In The Herald of September 2, the article, “Reprieve for clubhouse after demolition delayed”, informed the public that the demolition of the Sardinia Bay Surf Lifesaving Club building had been put on hold. What welcome news!
At least there is a breathing space now in which the future of the clubhouse and, in fact, the future of the resident volunteer surf lifesaving club itself can be discussed.
However, of concern – and one has to wonder if this, in fact, was the main reason behind the almost indecent haste to demolish this clubhouse – was the revelation by Kupido Baron that “a service provider had been appointed to tear down the building, at a cost of R700 000”.
Seriously – as much as R700 000 to demolish this building?
Second, an article in the same edition, titled “Call for tourism focus on disabled” refers.
With positive ideas in the article by both the NMBM and municipal official Anele Qaba on the right of the disabled to tourism facilities in the Bay, it pains me that – under current planning – access to Sardinia Bay beach for the disabled will continue to be non-existent.
A process for the amendment to the environmental impact assessment authorisation for the retention of the existing car park and the expansion of this car park northwards to enable continued public access to Sardinia Bay beach is currently under way.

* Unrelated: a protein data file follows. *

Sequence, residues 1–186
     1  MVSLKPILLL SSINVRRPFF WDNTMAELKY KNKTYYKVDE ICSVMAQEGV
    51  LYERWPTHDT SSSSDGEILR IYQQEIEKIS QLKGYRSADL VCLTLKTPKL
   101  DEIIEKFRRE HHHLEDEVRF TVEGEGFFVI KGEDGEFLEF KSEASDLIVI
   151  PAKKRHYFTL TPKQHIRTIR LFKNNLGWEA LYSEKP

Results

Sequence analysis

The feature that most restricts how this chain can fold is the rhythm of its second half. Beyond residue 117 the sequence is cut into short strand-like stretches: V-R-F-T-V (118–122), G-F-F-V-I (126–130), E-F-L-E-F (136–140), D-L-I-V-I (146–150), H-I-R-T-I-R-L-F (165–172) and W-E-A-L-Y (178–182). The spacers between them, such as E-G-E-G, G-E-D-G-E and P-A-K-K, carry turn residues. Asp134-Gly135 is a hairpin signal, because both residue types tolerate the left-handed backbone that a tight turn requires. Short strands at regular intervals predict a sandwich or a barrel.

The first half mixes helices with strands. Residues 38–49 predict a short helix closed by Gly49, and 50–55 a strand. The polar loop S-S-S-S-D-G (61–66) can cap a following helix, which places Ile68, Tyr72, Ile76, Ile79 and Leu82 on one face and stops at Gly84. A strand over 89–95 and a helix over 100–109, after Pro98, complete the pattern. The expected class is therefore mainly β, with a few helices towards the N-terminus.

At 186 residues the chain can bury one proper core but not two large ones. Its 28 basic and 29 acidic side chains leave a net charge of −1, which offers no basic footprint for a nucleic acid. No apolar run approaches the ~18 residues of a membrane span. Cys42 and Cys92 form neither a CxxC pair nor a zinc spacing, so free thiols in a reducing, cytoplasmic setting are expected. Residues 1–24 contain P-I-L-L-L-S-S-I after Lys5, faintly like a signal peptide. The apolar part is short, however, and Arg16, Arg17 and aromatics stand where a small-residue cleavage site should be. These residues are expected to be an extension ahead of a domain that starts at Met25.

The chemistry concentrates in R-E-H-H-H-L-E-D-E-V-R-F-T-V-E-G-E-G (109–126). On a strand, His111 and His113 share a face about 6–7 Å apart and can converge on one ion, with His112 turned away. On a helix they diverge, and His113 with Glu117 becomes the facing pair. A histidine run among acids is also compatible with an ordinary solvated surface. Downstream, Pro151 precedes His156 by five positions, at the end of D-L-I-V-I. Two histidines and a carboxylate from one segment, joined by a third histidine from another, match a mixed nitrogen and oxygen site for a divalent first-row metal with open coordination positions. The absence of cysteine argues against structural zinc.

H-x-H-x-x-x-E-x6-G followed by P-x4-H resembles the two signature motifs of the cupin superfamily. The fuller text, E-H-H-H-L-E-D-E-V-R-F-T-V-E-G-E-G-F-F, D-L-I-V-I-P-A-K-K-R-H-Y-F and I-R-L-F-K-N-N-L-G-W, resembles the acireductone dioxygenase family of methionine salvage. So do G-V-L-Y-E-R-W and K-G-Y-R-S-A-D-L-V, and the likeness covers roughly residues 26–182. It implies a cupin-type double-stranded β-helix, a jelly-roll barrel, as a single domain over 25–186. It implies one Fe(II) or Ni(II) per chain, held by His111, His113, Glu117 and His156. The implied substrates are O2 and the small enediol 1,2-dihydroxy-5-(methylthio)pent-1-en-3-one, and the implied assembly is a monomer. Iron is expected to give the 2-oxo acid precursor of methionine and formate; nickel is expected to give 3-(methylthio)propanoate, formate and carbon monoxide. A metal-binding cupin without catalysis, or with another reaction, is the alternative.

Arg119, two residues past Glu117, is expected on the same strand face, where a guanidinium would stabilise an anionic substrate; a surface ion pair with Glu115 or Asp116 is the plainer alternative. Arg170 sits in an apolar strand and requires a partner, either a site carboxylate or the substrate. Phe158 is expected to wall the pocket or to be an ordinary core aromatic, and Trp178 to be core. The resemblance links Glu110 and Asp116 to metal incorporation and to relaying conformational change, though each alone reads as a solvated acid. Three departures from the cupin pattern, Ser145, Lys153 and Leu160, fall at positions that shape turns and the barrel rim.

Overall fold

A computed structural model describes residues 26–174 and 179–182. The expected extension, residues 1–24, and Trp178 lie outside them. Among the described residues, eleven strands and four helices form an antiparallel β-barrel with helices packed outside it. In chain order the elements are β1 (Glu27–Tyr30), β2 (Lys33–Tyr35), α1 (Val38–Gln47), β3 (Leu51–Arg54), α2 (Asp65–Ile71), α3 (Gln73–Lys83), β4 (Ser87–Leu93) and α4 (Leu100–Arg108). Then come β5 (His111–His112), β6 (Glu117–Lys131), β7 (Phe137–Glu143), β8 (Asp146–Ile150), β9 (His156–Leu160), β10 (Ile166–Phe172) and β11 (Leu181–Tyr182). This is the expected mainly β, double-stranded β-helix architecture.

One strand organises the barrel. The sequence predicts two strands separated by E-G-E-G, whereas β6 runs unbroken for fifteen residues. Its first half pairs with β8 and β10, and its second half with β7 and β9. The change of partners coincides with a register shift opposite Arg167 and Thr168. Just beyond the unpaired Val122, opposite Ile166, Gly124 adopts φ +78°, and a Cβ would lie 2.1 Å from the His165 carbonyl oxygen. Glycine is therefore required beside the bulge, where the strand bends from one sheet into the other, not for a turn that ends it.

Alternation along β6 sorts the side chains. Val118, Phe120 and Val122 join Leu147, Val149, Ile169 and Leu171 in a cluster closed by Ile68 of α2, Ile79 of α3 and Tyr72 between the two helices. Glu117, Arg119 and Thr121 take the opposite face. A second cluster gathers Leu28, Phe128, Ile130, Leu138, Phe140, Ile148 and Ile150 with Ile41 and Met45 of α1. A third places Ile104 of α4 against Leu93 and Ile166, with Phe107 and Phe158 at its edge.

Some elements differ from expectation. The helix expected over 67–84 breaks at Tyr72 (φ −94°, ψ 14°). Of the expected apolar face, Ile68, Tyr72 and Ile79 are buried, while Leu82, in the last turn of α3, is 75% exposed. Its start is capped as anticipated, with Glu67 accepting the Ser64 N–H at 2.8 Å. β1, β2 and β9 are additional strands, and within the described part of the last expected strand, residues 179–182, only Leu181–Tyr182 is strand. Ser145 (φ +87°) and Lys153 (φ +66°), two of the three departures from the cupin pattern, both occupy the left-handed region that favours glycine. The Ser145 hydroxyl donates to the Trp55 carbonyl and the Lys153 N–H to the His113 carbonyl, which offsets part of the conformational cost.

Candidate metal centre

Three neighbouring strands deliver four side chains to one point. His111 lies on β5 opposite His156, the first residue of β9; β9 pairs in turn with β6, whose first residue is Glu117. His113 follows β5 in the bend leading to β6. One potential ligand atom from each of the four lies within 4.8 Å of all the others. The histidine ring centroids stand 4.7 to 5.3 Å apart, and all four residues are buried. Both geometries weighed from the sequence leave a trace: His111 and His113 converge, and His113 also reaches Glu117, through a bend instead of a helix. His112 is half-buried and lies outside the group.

However, my input regarding the absence of access for the disabled, the very old and the very young to Sardinia Bay beach has been greeted with the response, “The NMBM makes provision for the elderly and disabled people at a number of beaches in the metro (eg Summerstrand and Humewood areas)”.
If the rogue dune blocking access to the terminus of the Sardinia Bay road would be rerouted to follow its natural course eastwards along the coast – and allow the public access to the existing parking at the terminus of the Sardinia Bay road – access could be provided for the elderly and disabled to Sardinia Bay beach, the beach itself would be replenished with sand so that the Sardinia Bay Surf Lifesaving Club would have a serviceable clubhouse on the beach from which to continue serving the swimming community, and the Bay would have one of its finest beaches once again and be easily accessible to all.
Perhaps the R700 000 earmarked for the demolition of the Sardinia Bay Surf Lifesaving Club could be better used more constructively towards rerouting the dune to make Sardinia Bay beach accessible to all?